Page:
1) Which of the following is a claim made by the author but NOT supported in the passage by evidence, explanation, or example?

-->If it is not stated, it is not the answer
-->If the sentence is on its own, it is usually the right answer
-->An assertion might be supported within the same sentence

2) This new information would most CHALLENGE the claim that:

--> The "claim" has to be one made in the passage. If it isn't, then it is not correct.

3) For which of the following conclusions does the passage offer the least support?

-->There may be no support for an answer. However, you must ensure that the answer choice falls into the category of being a "conclusion."

4) Author provides no support or substantiation

-->Answer could be something that was never stated

5) The passage suggests that its author would probably disagree with which of the following statement?

--> If the passage does not suggest this statement, then we cannot argue that the author would agree or disagree based upon passage information.
6) Be aware of the different question types on the verbal section. The princeton review book has a list of these, and I think the Kaplan one does as well. In addition, when you are reviewing your practice exams you should make your own list of what you think the different question types are. As to HOW to answer every question type; This is one of the major areas where practice comes into it. As you get better, you'll begin to realize the types of things that look like 'correct' answers, and you get a feel for the types of things that the examiner is looking for. Check out the "process of elimination" section (number 8 in this post).

7) Do heavy post-game analysis. You must, must, must go back over your verbal questions and ensure that your thought process was correct for the questions that you got right. Figuring out what exactly you were thinking when you answered a question incorrectly is absolutely essential. That way, when you find yourself thinking in a similar way on a future exam, you might stop and think twice about your answer. Do not ever say, "Oh I totally should have gotten that question! It's easy!" If you missed a question, you missed it for a reason. Instead of passing it off as a "stupid mistake" make sure you understand exactly why you made that mistake, and what you were thinking when you made it. Then, you should try and figure which types of questions you are most often missing and analyze your thought process to see what wrong thought caused you to pick a wrong answer. Then, be aware, and fix that thought process.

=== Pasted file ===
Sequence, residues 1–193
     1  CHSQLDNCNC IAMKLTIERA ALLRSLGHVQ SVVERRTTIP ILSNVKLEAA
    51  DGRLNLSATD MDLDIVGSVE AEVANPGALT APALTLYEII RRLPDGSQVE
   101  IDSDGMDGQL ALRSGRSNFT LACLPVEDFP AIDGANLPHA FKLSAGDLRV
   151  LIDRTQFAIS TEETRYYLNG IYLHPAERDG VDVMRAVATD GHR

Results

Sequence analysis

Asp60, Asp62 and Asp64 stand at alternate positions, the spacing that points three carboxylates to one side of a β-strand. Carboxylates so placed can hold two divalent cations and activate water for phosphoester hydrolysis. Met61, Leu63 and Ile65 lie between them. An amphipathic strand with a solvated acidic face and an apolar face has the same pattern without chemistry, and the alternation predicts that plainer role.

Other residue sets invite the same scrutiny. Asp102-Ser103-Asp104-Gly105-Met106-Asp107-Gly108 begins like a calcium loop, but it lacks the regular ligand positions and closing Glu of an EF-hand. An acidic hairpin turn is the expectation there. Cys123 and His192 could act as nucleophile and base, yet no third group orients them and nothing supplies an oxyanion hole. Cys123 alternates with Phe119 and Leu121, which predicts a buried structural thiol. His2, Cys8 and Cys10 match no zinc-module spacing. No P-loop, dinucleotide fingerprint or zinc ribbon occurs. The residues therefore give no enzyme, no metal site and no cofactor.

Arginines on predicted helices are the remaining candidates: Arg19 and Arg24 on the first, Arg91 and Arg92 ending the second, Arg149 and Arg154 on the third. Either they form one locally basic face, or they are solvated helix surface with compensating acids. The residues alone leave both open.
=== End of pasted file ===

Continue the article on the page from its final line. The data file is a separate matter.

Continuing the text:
8) Learn to use process of elimination (POE). There are a few tricks you can use to POE the hell out of some verbal questions.
- Extreme sounding answers are almost always wrong. Exception: If the passage itself sounds extreme. You should still make sure that your answer choice fits with the logic of the question and the passage itself. For instance, the question could ask, "Which of the following is NOT representative of the author's stance of issue X". In these types of questions, the extreme answer might be right.

- In questions that ask you to describe the 'mood' of the author, or any question with 'one word' answer choices, answers that are similar or say the same thing are almost always both wrong. Check and see if you picked an answer that sounds very similar to another one, and make sure you know exactly why you chose that answer. The MCAT will never be cut and dry, so just make sure your logic about an answer choice is clear.
- Watch out answer choices with identical or similar vocabulary to the passage. A very common trick is that often words that were used in the passage will be transplanted into an answer choice with either: 1) a cause and effect relationship reversed so that it is wrong, 2) a fact from the passage taken out of context, 3) a hypothesis that is mis-stated, 4) a slight twisting of the author's logic, 5) an incorrect detail has been inserted into the answer choice. Watch out for these, and when you see an answer choice with alot of identical words to the passage, be very sure to dissect it so that you understand its meaning. As you practice more and more, you'll begin to find other curious aspects of answer choices and question stems that stick out at you.